Wade glanced over his shoulder, then stopped to turn and take a closer look at Valon. The blond looked to be in his middle teens. He wore a simple tunic to mid-thigh and a pair of heavy hose that could have been wool, with a pair of ankle-high boots with hard heels.

"The name of this world is Mizariel," Wade said. "You are most likely another Oracle, Valon. Don't ask me how we come to be here when we sleep, or how we learn what we need to know for the people who ask questions of us. There is no way to know any of this."

"Why didn't you come across the water to me?" Valon asked.

Wade chuckled and continued walking, mounting the steps to the platform where the altar stood. He went to the altar and pulled his satchel close, digging into it.

"Because my mind is not as flexible as yours. I doubt that I can walk on water, and I don't want to test the theory that I can because I can't swim."

"But we can do anything in our dreams," Valon said, joining him.

Wade chuckled again, passing the youth a fruit. "Take the peel off that before you eat it," he said.

Valon accepted it. "What's it called?" he sniffed it then dug his thumb nail into the peel.

"It's an orange," Wade said. He watched Valon separate a length of peel from the orange and took it to put in his satchel; there were animals that liked such things. "And, usually, we can do anything in our dreams, but Mizariel is a world as real as our waking worlds, so I doubt my abilities."

"I just walked across the water from the shore," Valon said, gesturing with a bit of orange peel toward the door. "What am I supposed to do here?"

"Go someplace and hole up," Wade said. "I've always been here, but you may have to go to the woman herself for advice on where to go."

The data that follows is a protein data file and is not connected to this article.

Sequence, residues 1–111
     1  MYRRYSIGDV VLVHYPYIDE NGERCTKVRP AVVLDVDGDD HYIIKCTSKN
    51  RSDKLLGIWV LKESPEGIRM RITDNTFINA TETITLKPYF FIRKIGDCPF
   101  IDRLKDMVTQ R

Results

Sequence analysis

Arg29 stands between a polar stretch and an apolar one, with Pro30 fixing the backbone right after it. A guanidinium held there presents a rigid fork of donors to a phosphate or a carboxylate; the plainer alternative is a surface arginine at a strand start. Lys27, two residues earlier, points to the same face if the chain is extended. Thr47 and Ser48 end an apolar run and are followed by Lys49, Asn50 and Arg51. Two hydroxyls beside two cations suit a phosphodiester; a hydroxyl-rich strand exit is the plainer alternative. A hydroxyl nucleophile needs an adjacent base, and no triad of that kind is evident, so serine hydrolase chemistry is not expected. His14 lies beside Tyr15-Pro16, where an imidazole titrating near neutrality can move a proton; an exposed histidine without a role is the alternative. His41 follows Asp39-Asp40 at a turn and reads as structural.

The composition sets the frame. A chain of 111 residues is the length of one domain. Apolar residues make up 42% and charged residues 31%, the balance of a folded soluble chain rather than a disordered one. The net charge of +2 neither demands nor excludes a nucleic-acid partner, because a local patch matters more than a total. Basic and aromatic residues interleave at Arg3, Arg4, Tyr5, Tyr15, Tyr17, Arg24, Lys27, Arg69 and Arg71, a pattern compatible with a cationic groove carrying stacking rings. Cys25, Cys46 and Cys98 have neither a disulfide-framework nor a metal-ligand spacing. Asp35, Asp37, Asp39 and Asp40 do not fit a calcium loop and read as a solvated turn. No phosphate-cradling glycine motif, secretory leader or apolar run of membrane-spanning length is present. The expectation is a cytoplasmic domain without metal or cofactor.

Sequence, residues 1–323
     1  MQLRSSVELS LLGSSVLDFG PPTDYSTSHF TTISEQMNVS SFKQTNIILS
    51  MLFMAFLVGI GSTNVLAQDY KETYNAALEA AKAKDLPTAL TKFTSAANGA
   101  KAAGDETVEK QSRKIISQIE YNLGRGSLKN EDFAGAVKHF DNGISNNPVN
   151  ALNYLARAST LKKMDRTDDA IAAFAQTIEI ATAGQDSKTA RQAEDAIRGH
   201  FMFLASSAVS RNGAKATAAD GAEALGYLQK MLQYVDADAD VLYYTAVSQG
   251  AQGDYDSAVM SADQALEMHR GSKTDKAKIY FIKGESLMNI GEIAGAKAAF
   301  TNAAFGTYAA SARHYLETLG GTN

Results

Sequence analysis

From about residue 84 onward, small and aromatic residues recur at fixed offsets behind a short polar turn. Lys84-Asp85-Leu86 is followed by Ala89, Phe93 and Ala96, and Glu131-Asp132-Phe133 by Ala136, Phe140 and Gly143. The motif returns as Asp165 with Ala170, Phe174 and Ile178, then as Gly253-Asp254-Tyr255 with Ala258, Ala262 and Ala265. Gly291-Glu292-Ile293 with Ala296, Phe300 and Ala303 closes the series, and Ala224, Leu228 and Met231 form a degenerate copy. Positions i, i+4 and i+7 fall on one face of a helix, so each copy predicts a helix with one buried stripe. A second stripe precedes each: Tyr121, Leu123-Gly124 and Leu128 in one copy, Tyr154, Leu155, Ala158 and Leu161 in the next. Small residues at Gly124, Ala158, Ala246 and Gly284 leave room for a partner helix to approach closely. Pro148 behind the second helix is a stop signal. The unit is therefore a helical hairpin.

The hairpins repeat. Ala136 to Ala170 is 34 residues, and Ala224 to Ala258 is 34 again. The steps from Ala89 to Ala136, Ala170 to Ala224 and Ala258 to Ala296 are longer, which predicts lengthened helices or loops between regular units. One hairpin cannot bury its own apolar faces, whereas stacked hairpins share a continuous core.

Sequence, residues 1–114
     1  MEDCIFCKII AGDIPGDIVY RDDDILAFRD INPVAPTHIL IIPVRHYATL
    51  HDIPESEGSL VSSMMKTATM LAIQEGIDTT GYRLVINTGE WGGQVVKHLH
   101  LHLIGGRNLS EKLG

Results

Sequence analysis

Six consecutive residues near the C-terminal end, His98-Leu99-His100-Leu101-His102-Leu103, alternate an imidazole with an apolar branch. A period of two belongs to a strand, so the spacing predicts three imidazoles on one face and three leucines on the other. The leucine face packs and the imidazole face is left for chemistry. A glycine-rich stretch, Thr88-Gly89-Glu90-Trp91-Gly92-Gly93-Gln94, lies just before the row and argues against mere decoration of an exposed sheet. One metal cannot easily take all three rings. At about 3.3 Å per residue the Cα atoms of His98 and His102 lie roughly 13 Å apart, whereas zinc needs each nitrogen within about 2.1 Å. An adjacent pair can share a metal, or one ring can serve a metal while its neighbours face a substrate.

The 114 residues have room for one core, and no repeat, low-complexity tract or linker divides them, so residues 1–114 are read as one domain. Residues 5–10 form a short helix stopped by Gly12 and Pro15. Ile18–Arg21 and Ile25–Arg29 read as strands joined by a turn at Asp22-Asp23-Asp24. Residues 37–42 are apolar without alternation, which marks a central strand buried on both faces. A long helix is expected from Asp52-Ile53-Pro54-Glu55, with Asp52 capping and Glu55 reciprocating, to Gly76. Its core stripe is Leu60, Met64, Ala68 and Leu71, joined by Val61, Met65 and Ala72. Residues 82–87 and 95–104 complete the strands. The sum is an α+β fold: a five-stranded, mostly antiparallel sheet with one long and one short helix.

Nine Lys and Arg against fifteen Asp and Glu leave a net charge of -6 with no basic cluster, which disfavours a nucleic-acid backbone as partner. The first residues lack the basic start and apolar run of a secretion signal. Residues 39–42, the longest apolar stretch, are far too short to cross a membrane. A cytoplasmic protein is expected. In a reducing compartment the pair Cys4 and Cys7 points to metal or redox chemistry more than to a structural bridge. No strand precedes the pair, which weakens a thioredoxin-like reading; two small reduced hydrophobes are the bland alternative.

"The woman who?" Valon asked.

"Mizariel," Wade said. "I suspect you're probably to go to the other continent. The one on the other side of the world, I mean. I've heard things are nicer there than they are here. You don't want to stay here. Things are . . . unhappy."

Valon looked up at him. Wade took the last bit of peel from the youth's hand and put it in his satchel.

"Where is she?" Valon asked.

"In a cave on Northaff--the northern continent. If you concentrate, you'll go directly to her. Unfortunately, she's one of the few Landmarks you can use here, and none exist on the other continent--at least, none that I know of."

"Can I stay here for a while?" Valon asked, looking around.

Wade looked around as well. The storm's power had increased and now the wind almost continually howled around the building. Rain pounded on all the windows as the wind whipped it around, and frequent rolls of thunder joined the howling of the wind. Flashes of lightning, just as frequent as the rolls of thunder, lit the windows from the outside. He realized that he'd left the lower window open and went back to the pew where he'd been seated to close it.

"It's best to go where you need to be as soon as possible," Wade said as he returned to the altar. "How's the orange?"

"Unusual," Valon said between mouthfuls. "But good."

Wade smiled. "Well, when you're done that, I'll teach you how to go on to Mizariel so she can tell you where to go."

Valon looked around, biting into one of the last few sections of his orange. "What's this place called?"

"The Waterborne Cathedral," Wade said.

"Will I see you again?" Valon asked, looking at Wade again.

"Probably not," Wade said. "Once you get to your dream-home, you'll be tied there." He watched Valon eat and swallow the last orange section. "Ready to go on?"

Valon looked around again, frowning, then sighed, meeting Wade's gaze. "Not especially," he said. "But I don't have much choice, do I?"

"Not really," Wade said. "Now, close your eyes."

Valon did so.

"Okay, stretch yourself out until you feel a point of great power."

Valon inhaled a deep breath. He remained silent for several minutes.

"I feel it," he said. "Somwhere northwest of here."

"That's Mizariel. Focus on her like you did when you dried yourself off."

The youth didn't speak. Wade watched, nodding a little when he saw the power increase around Valon. A subtle glow surrounded the youth for a few minutes, then Valon faded, leaving only a silhouette of light in his shape before that, too, faded.

Wade sighed and dug into his satchel again, this time for an apple. He set it down, pulled himself to sit on the altar, retrieved the apple, and bit into the fruit.